The Rights of Way which make up the local access network can be found in towns, villages and the countryside. Some paths may be surfaced and many are tracks across countryside owned by farmers and landowners.
Types of rights of way
A footpath is a highway on which the public has a right of way on foot. Often footpaths will cross fields containing livestock or crops, they may be muddy, and generally 'rural' in feel. Public footpaths are not to be confused with highway footways, which are pavements to the side of the road
The right of way is on foot, horseback or leading a horse and on pedal cycle. Cyclists were granted the right to use bridleways in 1968, however cyclists must give way to pedestrians and horse riders.
The route is by permission of the landowner. Permission is usually for use on foot but if cycles, horses or vehicles are allowed this will be indicated on the route. This permission can be removed at any time with reasonable notice.
The right of way is on a cycle and/or on foot. The Cycle Tracks Act 1984 enabled the conversion of footpaths to cycle tracks.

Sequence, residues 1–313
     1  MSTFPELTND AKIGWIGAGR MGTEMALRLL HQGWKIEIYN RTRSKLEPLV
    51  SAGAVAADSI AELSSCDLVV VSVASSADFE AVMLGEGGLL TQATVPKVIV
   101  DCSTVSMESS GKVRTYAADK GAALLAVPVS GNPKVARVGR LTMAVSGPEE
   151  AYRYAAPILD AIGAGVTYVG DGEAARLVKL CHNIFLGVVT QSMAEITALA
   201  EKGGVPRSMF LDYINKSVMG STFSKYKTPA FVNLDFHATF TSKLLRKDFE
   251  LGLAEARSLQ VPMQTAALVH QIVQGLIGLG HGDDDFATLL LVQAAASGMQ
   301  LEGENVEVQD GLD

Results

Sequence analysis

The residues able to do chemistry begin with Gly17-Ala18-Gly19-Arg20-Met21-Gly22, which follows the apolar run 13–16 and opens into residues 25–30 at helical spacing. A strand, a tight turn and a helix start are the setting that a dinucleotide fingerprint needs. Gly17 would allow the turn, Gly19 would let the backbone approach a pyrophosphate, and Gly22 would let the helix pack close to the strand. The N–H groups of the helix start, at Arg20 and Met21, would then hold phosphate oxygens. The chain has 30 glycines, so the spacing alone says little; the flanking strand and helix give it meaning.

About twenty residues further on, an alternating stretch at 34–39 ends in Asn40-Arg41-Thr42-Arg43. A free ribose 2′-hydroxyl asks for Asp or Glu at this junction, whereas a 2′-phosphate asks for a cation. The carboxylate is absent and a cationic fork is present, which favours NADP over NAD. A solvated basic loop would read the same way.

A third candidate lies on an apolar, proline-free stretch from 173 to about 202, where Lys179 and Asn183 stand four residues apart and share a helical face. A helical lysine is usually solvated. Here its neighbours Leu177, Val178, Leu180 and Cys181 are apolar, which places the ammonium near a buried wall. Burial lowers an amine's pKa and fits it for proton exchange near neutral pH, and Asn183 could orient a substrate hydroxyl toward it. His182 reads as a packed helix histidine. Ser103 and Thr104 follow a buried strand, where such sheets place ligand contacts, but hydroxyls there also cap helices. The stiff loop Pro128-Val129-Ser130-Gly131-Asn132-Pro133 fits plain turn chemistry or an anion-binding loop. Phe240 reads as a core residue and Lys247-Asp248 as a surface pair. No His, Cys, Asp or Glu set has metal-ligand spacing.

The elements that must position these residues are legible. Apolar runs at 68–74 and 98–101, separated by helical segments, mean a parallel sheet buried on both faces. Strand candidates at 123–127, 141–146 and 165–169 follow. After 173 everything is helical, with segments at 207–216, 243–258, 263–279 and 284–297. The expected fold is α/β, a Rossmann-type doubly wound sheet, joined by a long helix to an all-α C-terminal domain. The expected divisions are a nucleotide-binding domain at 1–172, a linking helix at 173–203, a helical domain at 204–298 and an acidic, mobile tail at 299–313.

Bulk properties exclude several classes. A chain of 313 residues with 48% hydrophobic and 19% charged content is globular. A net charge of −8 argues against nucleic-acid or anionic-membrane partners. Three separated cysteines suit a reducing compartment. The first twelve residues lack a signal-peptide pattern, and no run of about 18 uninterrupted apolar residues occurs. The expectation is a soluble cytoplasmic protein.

The right of way is on foot, with a permissive right for cycles. These paths can be recognised by the physical separation shown on the ground by either a single white line or by different colours of surface.
To make a general enquiry, please contact the rights of way officer via email to email@example.com
For emergencies such as serious crimes or accidents always call 999.
If you have an issue requiring immediate action on a public right of way please contact Middlesbrough Council on 01642 726001 (during office hours).
For non-urgent minor crimes / incidents, call 01642 326326.